The future looks bleak for modernist homes—some of the best ones are being demolished at a steady clip to make room for newer and arguably much worse things. Last year, the neighbors of the Geller house on Long Island, designed by famed architect Marcel Breuer, bought it, bulldozed it, and put in a tennis court.
Now, the summer home Breuer designed for his family in Wellfleet, Massachusetts, is in danger of disappearing, too. Built in 1948 in Cape Cod, it’s one of the more significant modernist residences built after the war, and still contains much of its original ephemera and effects. Breuer’s elderly son, Tomas, has agreed to sell the residence to the Cape Cod Modern House Trust for $2 million, as long as the organization can raise enough cash for a downpayment, which it plans to do through a fundraising campaign. If the home were to fall out of contract (the deadline is May of next year), it’d leave the door open for a number of possibilities, a likely one being demolition by a private buyer.
Peter McMahon, an architect and the founding director of the trust, classifies the house as Breuer’s home base. "He moved all around the world—Paris and New York—but that was the one consistent place in his life," he says.
Breuer’s is one of a number of architecturally important single-family houses built in the 1940s and ’50s during the post-war boom, of which the Case Study Houses are likely best-known outside design circles. These houses, laid out by architects as varied as Eero Saarinen, Mies van der Rohe, and Herbert Beckhard, who was Breuer’s business partner for a period, were budget designs meant as idealistic places to raise children and contemplate nature and life. (Breuer’s Wellfleet home was built with $5,000—about $64,000 in current dollars—which included 24 acres, most of which has been sold off.) In the past couple of decades, however, the fates of modernist homes of every kind have been floundering, as made evident by the Geller house and many more in the Hamptons.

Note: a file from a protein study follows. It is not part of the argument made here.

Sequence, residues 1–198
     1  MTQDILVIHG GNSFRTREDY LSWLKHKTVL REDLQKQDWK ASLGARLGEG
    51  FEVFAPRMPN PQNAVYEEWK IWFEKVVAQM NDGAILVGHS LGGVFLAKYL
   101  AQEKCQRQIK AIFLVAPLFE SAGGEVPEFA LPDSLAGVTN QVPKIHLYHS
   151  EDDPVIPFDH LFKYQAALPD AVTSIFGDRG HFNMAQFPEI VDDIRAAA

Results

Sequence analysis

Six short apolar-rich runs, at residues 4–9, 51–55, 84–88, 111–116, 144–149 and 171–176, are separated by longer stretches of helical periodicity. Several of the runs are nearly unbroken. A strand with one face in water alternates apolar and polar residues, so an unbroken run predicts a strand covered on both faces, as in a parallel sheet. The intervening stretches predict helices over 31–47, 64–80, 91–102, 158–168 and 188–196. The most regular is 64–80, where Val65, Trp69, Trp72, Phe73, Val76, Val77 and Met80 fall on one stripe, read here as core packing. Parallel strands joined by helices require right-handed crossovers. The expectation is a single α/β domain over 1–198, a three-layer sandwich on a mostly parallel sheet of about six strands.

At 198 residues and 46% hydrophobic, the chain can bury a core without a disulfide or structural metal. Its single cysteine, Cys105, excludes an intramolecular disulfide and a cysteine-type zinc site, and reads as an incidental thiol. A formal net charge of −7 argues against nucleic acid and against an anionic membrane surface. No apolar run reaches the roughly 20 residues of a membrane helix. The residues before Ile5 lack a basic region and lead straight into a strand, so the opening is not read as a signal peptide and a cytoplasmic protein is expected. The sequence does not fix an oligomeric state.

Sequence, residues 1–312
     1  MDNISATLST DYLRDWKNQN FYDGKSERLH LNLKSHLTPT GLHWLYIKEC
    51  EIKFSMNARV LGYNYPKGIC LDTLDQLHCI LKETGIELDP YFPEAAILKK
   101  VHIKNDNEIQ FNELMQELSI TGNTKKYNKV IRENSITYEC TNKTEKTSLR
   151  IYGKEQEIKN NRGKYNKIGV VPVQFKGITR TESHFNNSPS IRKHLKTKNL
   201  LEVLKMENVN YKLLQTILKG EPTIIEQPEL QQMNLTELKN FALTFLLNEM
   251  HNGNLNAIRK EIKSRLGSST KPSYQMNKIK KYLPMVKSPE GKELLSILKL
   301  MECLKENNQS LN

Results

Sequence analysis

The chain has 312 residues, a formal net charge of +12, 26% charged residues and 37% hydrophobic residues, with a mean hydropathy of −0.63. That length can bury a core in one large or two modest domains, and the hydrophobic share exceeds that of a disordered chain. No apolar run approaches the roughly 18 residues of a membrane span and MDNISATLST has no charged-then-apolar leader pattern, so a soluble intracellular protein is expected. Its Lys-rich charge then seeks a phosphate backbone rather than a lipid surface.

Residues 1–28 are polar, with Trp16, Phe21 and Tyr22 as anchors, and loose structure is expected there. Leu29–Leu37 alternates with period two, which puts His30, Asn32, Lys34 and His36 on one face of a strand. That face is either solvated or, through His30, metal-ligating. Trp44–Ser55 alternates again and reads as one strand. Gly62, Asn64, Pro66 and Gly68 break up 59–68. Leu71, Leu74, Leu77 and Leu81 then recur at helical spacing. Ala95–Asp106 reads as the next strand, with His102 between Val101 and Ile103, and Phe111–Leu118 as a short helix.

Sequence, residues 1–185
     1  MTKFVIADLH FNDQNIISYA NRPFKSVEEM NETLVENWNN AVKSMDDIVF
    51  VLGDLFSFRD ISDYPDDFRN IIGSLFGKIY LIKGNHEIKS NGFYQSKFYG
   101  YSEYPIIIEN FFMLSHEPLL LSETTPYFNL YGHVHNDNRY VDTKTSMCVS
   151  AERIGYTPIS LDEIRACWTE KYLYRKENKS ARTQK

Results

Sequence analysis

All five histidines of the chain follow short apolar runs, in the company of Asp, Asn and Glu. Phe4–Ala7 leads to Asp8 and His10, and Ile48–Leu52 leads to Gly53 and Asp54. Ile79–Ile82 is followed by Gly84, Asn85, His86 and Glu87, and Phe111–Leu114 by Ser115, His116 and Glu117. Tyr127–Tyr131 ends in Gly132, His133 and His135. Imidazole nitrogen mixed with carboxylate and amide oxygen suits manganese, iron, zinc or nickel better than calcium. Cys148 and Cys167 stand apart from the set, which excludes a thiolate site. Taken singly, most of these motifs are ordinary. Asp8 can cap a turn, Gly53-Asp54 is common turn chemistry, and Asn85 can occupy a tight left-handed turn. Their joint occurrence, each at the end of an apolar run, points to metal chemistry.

Born in 1902, Breuer began his career as the wunderkind of the Bauhaus group and was the prized pupil of its founder, Walter Gropius, whom he followed to America in 1937. Each amassed a non-pareil body of work, and Breuer’s output included a string of buildings: the Met Breuer, recently sold to Sotheby’s for $100 million; some churches; the Armstrong Rubber Company Building; and this amazing tower at UMass Amherst, which defined that era’s American architecture. His work flirted with brutalism—and often got closer than that—and inserted ideas from earlier architects, like van der Rohe’s tilt toward concrete. Breuer’s furniture is even more universal: Though it’s early work for his career, with much of it created in the 1920s, the pared-down, almost definitive forms, like the Cesca chair and the Laccio coffee table, remain in production and are wildly popular. Somewhere in the middle of this are his residential projects.
The Wellfleet house was initially built "like a cabin in the woods," McMahon says. "You spent time outside, and the outdoor spaces were just as important as the indoor spaces." The dimensions are cottage-like: dwarfed by the large lot, with simple rooms and plain, homemade furniture. Breuer, who was interested in both modular and traditional construction methods, built the house small and on the cheap. Later, with more time and money, he added a studio in 1961, and a small apartment with a darkroom for Tomas around 1967. Today, the architect’s designs and personal effects still decorate the space. "Breuer loved concrete blocks," says McMahon, referencing coffee tables the architect made out of cement blocks and others that combined them with a "giant piece of slate." There are books Breuer received from Alexander Calder and Josef Albers, artworks by Paul Klee—"there’s no art that was bought," McMahon says—and drawings by Saul Steinberg.
McMahon says the trust, if it succeeds in buying the house, plans to restore it, archive the contents—"hundreds and hundreds of rolls of film," he says, along with the books, and primary materials—and use it to host work-study fellows focusing on historic preservation, habitat restoration, and archiving.